Ryman opens $30m extension, joins UTS study

Ryman Healthcare has opened a $30 million extension at the Nellie Melba Retirement Village and partnered on a UTS study into integrated aged care models.

Ryman Healthcare has opened a $30 million extension of the Nellie Melba Retirement Village in south-east Melbourne and announced new research investigating its continuum of care approach.

Premier Daniel Andrews and Ryman Healthcare Australia CEO Cameron Holland cut the ribbon to officially open the new 41-apartment complex in Wheelers Hill on Friday.

Cameron Holland (left) and Daniel Andrews officially opening the new part of the village

The village – which opened in 2018 – comprises 256 independent living apartments, 85 assisted living apartments, and a 190-bed aged care home. Ryman Healthcare also provides its home care services to village residents.

The New Zealand-based company – which expanded to Australia in 2014 – builds and operates villages where independent retirement living and residential and home aged care services are fully integrated on the same site. It commissioned a report last year that highlights the benefits of this continuum of care model – a design widely embraced across the ditch – and why Australia should adopt it more widely.

UTS to study benefits of integrated models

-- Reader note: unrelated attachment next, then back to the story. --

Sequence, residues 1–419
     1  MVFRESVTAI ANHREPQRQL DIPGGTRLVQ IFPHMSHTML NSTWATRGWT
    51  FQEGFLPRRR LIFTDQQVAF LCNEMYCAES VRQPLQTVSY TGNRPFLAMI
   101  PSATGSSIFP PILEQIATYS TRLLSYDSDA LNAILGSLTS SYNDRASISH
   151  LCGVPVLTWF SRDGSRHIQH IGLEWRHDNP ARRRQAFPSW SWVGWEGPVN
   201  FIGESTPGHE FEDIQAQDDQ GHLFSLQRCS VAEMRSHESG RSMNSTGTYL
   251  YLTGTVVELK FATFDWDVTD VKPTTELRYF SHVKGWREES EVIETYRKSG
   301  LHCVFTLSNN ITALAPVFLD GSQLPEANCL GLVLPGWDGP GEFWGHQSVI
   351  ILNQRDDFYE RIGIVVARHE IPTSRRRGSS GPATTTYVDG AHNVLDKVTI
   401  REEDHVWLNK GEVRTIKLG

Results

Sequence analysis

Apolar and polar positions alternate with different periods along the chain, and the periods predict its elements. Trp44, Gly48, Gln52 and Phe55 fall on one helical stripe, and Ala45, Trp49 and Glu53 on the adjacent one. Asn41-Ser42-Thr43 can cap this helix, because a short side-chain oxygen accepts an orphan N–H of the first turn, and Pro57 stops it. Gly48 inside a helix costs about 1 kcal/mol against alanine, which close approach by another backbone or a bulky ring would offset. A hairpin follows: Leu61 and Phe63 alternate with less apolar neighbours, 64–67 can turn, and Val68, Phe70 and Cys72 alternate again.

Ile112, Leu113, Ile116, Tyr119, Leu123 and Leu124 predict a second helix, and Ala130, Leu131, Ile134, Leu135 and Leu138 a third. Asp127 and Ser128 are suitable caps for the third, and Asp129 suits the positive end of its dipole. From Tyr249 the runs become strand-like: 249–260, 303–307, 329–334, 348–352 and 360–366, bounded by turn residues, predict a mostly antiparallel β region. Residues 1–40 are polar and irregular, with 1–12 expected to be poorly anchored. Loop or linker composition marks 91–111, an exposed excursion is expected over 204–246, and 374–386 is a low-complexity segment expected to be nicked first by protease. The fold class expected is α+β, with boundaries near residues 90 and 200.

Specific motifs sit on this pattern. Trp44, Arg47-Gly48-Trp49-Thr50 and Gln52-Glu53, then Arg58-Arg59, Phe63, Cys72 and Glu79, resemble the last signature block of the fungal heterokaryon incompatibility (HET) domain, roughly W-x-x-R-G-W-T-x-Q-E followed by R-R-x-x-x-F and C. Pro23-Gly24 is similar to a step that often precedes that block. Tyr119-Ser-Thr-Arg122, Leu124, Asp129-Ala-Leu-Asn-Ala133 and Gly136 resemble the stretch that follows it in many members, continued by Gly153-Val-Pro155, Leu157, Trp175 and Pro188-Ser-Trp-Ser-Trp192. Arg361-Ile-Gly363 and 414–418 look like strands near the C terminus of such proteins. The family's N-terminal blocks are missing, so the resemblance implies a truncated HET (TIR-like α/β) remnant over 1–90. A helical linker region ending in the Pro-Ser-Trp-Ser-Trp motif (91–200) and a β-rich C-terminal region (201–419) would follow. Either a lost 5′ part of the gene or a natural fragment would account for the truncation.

Also announced at Friday’s event was a two-year University of Technology Sydney study evaluating the potential benefits of different continuum of care models in Australia including Ryman’s approach.

Lead researcher Professor David Brown from UTS’s Ageing Research Collaborative said the project would focus on the care and financial outcomes of the continuum of care model, and examine barriers in the Australian aged care landscape to its implementation.

“Older people in Australia and their carers have great difficulty navigating their way along the care and ageing journey,” Professor Brown said in a statement. “This is mostly due to the highly fragmented nature of the aged care system and the complexity of the aged care transition points, such as retirement living to residential aged care, which often occur in times of crisis. This situation makes for an often costly and traumatic experience.”

Embracing an integrated approach to the delivery of aged care was a key recommendation of the Royal Commission into Aged Care Quality and Safety, he added.

Ryman Healthcare Australia CEO Cameron Holland said the expansion of its Nellie Melba village underscored the huge demand for continuum of care villages on this side of the Tasman.

“While the benefits of the continuum of care villages are obvious, we’re really excited that UTS will be doing a rigorous analysis of how they can positively impact an individual’s health and wellbeing.”

Australian Ageing Agenda understands UTS has provided funding for the study under the Strategic Research Accelerator Program to support two post-doctoral fellows for two years each plus some non-salary research support. UTS is currently recruiting for these positions. 

Main image: Cameron Holland (left) and Daniel Andrews outside the newly opened extension of the Nellie Melba village

Have we missed an expansion or opening? Send us the details and an image to editorial@australianageingagenda.com.au

Tags: Cameron Holland, continuum-of-care, david brown, ryman healthcare, UTS Ageing research collaborative,

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